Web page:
Real Life

Cancer survivor Bailee: ‘my baby saved my life’

After a brutal health battle, a miracle pregnancy gave her hope, then tragedy struck again...

He may not know it yet, but four-month-old Henry did something remarkable for his mum Bailee White. Before he was even born, his every kick and wriggle gave the 24-year-old Masterton mum a reason to live.

For a long time, CanTeen ambassador Bailee was told conceiving naturally would be near impossible. At just 15, she had aggressive chemotherapy to treat stage 4 Hodgkin’s lymphoma. It had left her nearly infertile and battling severe mental health issues.

Despite having two eggs frozen, Bailee decided to try for a baby naturally with her fiancé Hamish Robertson. In a journey they thought might take years, or not happen at all, the pair got pregnant in two weeks.

Although Bailee was still plagued with PTSD from her teenage years battling cancer, her pregnancy was supposed to be a new beginning.

Bailee’s cancer treatment nearly left her infertile.

But heartbreakingly, tragedy struck her once again – just five weeks into the pregnancy, Hamish had a near-fatal car crash, hitting a tree at high speed. Life became a living hell for the cancer survivor.

“On the night of Hamish’s accident, I thought I’d lost Henry because I experienced cramping,” Bailee tells Woman’s Day. “In those first few weeks, I couldn’t eat or sleep, but once a scan confirmed he was OK, I knew I had to pull it together, even though the journey would be really hard.”

Bailee waited three weeks for Hamish to wake up from a coma. He’d suffered an array of broken bones and punctured organs, plus a brain injury that triggered a stroke. “I saw the state of the car that night and was told my partner wasn’t going to survive,” Bailee tells. During that time, Henry gave her hope. “Being pregnant with Henry kept me going.”

As hospital staff tended to Hamish, they were besotted with Bailee’s growing belly. “I would always sing to Hamish while he was in a coma and in doing so, I was singing to Henry,” recalls Bailee. “I used to sing Your Song by Elton John to my belly, and now I still sing it to Henry, and every time he has this smile on his face.”

While her pregnancy should have been a chapter of bliss, instead Bailee spent months visiting Hamish in hospital as he slowly learned to speak and move again. She juggled a job at a petrol station with being a supportive partner. Now, nearly a year later, she’s balancing her new life as a mum with the role of carer for Hamish at home.

“People tell me that I’m doing an amazing job, and that I’m a great mum and am handling things so well,” says Bailee. “And while I respect that and I am thankful for it, the reality is that I have to handle it. If I don’t, then not only am I upset, but Henry and Hamish are too. And then everything would fall apart. So I have to have it together.”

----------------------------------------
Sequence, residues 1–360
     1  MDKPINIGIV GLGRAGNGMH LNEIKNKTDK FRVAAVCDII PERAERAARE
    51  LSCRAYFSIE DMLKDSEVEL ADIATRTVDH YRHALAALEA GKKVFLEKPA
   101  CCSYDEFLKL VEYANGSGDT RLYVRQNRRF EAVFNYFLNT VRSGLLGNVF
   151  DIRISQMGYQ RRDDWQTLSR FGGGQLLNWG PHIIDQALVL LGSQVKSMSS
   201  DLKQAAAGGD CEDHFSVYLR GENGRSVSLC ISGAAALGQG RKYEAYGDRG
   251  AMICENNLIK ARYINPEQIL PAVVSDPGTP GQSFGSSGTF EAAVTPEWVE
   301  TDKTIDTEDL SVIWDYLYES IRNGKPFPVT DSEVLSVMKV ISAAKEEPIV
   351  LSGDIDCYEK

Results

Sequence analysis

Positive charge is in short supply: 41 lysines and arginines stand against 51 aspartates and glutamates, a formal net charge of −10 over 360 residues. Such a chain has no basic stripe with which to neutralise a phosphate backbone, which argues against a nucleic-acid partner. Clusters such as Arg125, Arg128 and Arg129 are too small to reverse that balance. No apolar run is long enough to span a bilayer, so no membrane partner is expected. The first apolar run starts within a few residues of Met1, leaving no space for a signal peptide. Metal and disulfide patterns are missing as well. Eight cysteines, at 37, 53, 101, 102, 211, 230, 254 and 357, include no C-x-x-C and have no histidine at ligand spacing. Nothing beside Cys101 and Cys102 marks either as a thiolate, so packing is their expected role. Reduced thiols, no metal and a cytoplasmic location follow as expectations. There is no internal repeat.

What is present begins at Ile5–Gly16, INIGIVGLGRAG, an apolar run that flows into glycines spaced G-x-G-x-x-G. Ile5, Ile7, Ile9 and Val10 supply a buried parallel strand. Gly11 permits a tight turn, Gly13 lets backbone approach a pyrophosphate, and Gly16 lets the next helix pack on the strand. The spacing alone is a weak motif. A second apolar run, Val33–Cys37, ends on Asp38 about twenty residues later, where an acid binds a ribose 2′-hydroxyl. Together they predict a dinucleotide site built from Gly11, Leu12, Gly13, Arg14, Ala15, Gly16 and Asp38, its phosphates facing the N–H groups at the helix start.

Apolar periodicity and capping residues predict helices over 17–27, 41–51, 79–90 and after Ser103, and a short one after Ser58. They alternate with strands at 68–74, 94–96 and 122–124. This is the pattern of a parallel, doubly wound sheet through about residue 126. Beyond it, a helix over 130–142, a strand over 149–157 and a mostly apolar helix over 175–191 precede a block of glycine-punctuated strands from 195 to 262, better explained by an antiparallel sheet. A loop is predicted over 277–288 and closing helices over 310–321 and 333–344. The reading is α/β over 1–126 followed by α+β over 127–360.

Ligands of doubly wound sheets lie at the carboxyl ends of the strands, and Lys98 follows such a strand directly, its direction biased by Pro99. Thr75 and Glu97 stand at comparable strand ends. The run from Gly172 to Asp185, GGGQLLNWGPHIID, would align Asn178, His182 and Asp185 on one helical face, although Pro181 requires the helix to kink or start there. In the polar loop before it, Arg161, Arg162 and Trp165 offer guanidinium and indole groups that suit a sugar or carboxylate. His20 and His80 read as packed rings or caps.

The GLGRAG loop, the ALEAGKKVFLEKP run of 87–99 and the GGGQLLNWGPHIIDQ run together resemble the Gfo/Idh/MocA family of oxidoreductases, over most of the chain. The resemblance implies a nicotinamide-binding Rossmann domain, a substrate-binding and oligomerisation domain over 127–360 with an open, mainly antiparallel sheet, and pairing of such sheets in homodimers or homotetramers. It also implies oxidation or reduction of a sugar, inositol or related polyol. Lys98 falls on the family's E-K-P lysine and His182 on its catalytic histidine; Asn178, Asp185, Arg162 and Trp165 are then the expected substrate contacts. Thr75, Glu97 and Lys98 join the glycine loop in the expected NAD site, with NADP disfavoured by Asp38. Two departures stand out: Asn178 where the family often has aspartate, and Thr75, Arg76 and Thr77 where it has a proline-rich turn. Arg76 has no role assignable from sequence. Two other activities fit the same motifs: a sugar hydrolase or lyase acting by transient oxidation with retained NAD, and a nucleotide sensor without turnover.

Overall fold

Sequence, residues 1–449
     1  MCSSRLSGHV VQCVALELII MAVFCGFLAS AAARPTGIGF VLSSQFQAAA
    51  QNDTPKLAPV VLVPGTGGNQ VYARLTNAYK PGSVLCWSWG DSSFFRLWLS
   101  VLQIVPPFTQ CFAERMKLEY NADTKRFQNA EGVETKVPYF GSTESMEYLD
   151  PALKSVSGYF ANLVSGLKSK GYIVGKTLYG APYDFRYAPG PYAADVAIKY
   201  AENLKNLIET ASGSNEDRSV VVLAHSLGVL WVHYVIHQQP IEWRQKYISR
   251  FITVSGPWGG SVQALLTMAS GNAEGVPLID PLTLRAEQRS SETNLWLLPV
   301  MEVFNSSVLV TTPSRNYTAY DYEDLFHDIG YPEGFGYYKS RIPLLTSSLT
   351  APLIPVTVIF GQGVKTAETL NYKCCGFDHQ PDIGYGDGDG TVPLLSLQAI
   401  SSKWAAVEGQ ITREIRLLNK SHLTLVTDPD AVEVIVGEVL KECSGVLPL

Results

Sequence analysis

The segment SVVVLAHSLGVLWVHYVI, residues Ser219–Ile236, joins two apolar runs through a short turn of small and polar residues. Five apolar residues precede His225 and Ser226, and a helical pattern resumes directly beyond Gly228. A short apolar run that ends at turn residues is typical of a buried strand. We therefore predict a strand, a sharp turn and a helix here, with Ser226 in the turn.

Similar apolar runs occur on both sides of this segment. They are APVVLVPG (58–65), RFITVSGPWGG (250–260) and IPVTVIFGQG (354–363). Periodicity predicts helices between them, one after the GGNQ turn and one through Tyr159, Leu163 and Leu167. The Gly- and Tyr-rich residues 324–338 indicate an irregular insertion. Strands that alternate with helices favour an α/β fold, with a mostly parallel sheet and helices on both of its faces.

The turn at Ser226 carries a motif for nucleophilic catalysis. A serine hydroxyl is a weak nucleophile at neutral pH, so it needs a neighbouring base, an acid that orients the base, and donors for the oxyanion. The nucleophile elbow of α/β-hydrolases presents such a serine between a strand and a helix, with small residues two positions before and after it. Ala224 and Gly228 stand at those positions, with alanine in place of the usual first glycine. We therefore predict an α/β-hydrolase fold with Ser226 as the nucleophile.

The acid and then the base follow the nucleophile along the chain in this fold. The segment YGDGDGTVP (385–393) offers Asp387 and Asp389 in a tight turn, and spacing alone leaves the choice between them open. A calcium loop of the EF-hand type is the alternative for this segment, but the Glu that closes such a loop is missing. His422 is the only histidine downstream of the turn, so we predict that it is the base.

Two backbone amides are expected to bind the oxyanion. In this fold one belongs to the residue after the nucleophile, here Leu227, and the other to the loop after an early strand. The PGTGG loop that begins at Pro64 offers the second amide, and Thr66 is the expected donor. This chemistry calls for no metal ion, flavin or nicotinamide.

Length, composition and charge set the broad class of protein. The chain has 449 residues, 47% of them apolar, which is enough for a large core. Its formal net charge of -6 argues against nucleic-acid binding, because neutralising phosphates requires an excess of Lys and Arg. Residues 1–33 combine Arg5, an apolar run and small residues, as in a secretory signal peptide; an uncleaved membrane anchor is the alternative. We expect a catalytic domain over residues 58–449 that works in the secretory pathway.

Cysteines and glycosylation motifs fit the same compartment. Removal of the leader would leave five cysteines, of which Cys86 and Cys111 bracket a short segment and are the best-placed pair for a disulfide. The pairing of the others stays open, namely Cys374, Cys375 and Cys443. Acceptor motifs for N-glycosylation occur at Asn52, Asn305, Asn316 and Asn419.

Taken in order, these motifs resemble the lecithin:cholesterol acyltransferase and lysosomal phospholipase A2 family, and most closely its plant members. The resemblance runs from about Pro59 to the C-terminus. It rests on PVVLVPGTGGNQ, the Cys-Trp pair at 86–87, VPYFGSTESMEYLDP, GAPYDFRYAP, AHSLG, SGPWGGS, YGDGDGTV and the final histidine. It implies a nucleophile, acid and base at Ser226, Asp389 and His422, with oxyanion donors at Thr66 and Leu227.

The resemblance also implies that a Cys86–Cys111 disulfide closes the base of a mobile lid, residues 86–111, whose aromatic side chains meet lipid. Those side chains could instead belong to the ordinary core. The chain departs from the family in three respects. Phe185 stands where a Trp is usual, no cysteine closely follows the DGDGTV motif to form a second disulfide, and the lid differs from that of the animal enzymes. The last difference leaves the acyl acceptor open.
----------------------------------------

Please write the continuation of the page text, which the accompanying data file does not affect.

Although she’s better able to control her triggers now, panic attacks have plagued Bailee over the years. Little Henry is a welcome distraction, who has helped her cope with the memories of the cancer that riddled her lungs, spleen, liver and bone marrow.

“Every moment with Henry is my favourite moment,” she gushes. “I love giving him a bath because it’s one of his favourite times of the day – he’s just so happy and giggles.”

Another support for the new mum has been her CanTeen family. She’s an ambassador for the cancer youth charity and over the years fellow fighters have become just like family.

Before Hamish’s tragic accident, the couple had planned to marry in December last year. That’s on hold, but Bailee intends to involve her CanTeen friends when she does tie the knot.

“Two of my closest friends are cancer survivors,” smiles Bailee. “They’ll be my maid of honour and bridesmaid at my wedding!”

In the meantime, Bailee is focused on helping Hamish get stronger.

“With his injuries, Hamish wasn’t meant to be home from the hospital until 2024 or 2025,” she tells. “But he was so determined to be home in time for the birth, he was able to get home by March this year.

The doting mum has her hands full caring for baby Henry and crash survivor Hamish.

“So Henry helps me in my mental recovery, but he also helps Hamish in his physical recovery too. He’s such a good baby and he’s changed so many things for us!”

Support young people impacted by cancer across Aotearoa this Bandanna Day on Friday, 23 September. Donate at

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